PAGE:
Although I assume that most of the non-vegans who read my blog are familiar with things like tofu and chickpeas, it’s occurred to me that there may be a few questions surrounding some of the lesser-known vegan/health food ingredients. So with that, I’ve added a new section to my blog called What’s That?, and every now and then I’ll write about one of these ingredients, and link to it when my recipes call for it.
I’m going to start with Nutritional Yeast. Because it is used to imitate the taste of cheese, it is adored by most vegans despite the fact that many (lacto-ovo) vegetarians may not even be aware of it because they get their cheese-fix from dairy. It’s not something that you see used in a lot of commercial food products (to the chagrin of us vegans), so you kind of have to be “in-the-know” to have heard about it or used it. But it’s not that difficult to find and it’s even easier to use, so I really encourage you to try it if you haven’t already.
- It is a deactivated yeast and a fungus.
- It is produced by culturing the yeast with a mixture of sugarcane and beet molasses for a period of 7 days, then harvesting, washing, drying and packaging the yeast.
- The flakes are bright yellow in color.
- It is a complete protein, meaning it contains an adequate proportion of all nine essential amino acid that we need to function.
- It is a good source of protein and B vitamins. (If you’re vegan, you should seek-out a brand that is fortified with B-12.)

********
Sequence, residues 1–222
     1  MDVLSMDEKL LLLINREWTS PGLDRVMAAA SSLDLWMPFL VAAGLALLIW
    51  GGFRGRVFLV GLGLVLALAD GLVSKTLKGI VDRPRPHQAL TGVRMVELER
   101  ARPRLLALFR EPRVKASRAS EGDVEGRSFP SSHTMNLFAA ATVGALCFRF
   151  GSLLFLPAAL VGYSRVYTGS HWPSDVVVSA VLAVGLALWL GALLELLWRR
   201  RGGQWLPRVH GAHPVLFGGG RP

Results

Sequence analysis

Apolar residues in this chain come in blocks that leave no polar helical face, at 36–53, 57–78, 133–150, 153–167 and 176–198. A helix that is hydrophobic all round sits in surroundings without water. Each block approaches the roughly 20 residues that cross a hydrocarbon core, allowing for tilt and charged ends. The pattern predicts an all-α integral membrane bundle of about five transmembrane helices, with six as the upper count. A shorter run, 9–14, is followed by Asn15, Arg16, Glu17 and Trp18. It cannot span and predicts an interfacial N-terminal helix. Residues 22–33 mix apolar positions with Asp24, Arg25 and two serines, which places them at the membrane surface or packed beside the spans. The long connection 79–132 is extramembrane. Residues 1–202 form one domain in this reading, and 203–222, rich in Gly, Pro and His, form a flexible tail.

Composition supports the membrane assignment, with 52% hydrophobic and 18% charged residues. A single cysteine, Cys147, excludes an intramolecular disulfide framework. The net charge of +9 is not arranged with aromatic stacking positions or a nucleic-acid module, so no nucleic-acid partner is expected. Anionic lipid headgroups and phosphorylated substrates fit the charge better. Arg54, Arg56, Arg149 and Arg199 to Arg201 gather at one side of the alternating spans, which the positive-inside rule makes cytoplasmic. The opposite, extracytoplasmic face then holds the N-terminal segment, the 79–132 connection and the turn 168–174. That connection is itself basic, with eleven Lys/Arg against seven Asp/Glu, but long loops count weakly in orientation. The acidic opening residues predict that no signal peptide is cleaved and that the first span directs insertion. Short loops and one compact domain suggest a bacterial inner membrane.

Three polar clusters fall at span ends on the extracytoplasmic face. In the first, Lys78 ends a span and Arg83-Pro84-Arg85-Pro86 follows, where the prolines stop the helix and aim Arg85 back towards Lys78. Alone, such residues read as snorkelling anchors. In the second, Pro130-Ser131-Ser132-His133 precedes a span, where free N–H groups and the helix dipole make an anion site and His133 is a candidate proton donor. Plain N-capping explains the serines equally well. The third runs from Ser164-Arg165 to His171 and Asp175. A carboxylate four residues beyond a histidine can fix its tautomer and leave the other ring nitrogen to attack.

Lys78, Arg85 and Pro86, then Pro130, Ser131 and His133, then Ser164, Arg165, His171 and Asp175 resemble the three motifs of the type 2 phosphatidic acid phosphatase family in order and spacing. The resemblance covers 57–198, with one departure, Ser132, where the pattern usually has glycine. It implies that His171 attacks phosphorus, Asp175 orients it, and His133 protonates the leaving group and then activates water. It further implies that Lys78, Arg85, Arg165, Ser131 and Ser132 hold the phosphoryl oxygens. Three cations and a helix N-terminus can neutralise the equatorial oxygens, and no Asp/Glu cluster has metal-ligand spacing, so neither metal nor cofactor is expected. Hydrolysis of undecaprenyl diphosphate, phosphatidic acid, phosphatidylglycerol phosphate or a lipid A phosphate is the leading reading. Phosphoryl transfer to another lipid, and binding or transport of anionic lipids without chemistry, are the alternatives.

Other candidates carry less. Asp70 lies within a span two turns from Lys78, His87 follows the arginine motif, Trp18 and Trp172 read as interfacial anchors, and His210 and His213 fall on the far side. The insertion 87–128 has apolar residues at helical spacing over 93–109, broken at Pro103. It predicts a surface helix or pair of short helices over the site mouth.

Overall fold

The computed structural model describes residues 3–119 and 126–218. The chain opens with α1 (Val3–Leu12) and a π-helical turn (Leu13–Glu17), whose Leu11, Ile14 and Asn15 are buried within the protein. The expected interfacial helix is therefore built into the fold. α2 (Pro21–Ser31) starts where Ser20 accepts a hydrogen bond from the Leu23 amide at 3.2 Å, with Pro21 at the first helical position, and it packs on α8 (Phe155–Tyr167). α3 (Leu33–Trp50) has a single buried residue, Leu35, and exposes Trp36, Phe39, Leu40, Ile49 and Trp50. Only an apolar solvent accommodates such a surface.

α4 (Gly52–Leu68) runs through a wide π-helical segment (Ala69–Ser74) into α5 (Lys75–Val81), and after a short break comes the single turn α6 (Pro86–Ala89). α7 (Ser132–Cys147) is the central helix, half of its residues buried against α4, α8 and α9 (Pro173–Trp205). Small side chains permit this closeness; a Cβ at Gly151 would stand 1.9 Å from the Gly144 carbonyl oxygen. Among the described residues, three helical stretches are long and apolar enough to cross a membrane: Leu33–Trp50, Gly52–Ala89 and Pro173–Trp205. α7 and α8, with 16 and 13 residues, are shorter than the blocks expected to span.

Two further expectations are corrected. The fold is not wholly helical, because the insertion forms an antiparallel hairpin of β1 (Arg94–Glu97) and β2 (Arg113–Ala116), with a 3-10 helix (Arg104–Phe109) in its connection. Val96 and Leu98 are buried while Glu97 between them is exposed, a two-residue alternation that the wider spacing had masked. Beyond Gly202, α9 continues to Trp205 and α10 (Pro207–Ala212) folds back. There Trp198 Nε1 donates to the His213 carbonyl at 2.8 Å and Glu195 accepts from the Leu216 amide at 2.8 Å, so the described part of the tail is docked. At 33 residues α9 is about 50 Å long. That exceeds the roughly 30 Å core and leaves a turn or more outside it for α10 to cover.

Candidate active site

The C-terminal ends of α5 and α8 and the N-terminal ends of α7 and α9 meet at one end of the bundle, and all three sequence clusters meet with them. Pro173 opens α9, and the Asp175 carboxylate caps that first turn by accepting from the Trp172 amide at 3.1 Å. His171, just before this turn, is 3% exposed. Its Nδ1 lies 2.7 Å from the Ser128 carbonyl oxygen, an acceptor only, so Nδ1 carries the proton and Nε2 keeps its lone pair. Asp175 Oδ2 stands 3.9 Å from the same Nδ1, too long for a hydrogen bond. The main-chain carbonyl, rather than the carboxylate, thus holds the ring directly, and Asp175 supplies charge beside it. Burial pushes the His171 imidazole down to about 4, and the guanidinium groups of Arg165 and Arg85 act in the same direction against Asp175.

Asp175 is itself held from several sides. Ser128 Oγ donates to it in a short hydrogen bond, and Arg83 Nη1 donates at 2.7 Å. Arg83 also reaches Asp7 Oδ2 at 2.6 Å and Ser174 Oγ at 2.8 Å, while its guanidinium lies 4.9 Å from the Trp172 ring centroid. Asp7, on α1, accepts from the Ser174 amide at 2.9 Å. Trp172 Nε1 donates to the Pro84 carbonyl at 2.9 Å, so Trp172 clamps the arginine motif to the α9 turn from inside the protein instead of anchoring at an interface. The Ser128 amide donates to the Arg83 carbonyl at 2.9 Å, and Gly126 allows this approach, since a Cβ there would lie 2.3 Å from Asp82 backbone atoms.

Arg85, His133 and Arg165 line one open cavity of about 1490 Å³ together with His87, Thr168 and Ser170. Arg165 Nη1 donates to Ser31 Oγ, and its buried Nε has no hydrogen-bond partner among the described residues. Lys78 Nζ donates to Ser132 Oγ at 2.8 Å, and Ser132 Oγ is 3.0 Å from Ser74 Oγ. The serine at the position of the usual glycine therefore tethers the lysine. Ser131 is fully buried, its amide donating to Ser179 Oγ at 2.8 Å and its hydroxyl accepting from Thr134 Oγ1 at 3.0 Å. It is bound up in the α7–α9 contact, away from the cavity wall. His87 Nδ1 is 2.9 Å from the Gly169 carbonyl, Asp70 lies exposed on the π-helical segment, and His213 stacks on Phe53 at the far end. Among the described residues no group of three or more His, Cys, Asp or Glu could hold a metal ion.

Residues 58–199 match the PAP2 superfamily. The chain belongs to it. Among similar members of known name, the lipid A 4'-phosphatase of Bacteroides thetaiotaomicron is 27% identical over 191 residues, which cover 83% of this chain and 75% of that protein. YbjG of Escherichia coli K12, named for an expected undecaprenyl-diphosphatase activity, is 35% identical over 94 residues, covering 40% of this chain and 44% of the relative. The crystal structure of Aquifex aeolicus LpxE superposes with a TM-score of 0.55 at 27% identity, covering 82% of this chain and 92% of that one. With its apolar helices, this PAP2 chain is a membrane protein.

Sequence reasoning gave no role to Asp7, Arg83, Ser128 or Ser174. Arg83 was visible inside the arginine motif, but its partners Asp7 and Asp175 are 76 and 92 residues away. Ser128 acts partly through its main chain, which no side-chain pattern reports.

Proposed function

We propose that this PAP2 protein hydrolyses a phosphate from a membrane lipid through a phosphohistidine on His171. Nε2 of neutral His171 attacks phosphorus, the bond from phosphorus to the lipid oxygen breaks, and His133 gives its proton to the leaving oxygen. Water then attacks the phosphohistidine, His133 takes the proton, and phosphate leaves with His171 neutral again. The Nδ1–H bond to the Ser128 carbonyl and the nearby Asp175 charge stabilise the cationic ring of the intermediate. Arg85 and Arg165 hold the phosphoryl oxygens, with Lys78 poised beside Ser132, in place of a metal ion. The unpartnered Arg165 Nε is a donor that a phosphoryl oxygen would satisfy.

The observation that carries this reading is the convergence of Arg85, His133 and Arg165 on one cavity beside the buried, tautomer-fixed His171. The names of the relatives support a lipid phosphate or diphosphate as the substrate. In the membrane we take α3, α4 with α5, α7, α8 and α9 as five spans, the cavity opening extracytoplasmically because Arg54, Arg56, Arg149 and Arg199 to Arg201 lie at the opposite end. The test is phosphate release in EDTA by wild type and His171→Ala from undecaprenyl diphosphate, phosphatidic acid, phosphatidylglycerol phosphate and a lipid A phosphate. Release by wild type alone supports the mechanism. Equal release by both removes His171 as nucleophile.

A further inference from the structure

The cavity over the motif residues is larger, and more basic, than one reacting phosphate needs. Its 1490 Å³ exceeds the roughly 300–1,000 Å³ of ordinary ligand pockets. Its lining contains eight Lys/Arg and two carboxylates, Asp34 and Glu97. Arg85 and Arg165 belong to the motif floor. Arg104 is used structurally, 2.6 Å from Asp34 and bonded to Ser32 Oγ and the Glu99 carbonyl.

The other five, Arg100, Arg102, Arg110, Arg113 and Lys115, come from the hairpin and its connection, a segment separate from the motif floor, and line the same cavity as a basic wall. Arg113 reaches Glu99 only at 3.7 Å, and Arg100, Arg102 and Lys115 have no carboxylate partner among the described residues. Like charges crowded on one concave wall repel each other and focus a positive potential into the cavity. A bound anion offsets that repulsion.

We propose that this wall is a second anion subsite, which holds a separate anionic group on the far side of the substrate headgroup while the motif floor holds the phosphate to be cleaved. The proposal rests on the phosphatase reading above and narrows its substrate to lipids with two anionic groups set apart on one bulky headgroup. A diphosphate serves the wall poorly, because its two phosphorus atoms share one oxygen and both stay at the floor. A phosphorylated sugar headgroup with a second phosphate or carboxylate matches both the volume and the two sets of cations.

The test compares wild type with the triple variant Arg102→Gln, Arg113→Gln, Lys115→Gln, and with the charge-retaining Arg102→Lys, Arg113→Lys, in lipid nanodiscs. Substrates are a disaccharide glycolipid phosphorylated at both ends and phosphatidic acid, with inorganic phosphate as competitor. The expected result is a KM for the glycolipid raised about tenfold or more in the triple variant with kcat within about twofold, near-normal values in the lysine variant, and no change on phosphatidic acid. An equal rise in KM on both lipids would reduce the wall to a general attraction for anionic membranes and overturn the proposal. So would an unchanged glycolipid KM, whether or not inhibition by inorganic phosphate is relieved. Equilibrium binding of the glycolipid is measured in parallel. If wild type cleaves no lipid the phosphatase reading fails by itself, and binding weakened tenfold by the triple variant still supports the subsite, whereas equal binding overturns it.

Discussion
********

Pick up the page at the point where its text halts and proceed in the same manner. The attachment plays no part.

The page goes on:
- It is low in fat and sodium and is free of sugar, dairy and gluten.
- It has a strong nutty/cheesy flavor that can be added to any dish to impart a cheesy taste.
- You can buy it at most natural food stores, or from online retailers. (I get mine from Aussie Health Products – they’re super nice people and no, I’m not being paid to say that!)
- It is sold as “savoury yeast flakes” in Australia and Brufax in New Zealand.
- Do NOT confuse it with Brewer’s Yeast, which is a by-product of the brewing industry. (MANY health food store employees have tried to sell me this in the past so be vigilant!)
- It is affectionaly called “Nooch” by those who love it (If you’ve ever seen that term, now you know what it is!)
- Grind with blanched almonds to mimic Parmesan – great sprinkled on pasta!
- Add a tablespoon or two to risotto, quiches, manicotti, stuffed mushrooms – anywhere you would normally use Parmesan or other cheese
- Sprinkle on popcorn
- Blend it with nuts to make “full-on” cheese items, known as “cheeze”, such as cheeze dip, cheeze sauce, and soft or hard cheeze
- This is a great alternative for those who are lactose-intolerant or trying to cut-back on dairy and/or fat.
- When trying nutritional yeast for the first time, you may want to start by sprinkling it on pasta and tomato sauce (to mimic parmesan) or in other savory dishes, like those mentioned above.
- I wouldn’t recommend going all-out and making a “cheeze sauce” your first time, as some first-timers might initially find the smell/taste a bit strong.
- In my experience, the longer you’ve been vegan, the more likely you are to think that this tastes like “real cheese”. However, if you’re not a long-term vegan, just think of it as a way to add savory complexity to your meal.
Here are a few of my favorite recipes using nutritional yeast:
|Homemade Vegan Cheese||Vegan Caesar Salad||Vegan Mac & Cheese|
Full list of all my nutritional yeast recipes
Good luck on your Nooch adventures! Feel free to ask me your questions below and I’ll do my best to answer them!
Ps. According to Wikipedia, some movie theaters offer nutritional yeast as a popcorn condiment. Have you ever seen this? I would die and go to heaven if I ever saw that!!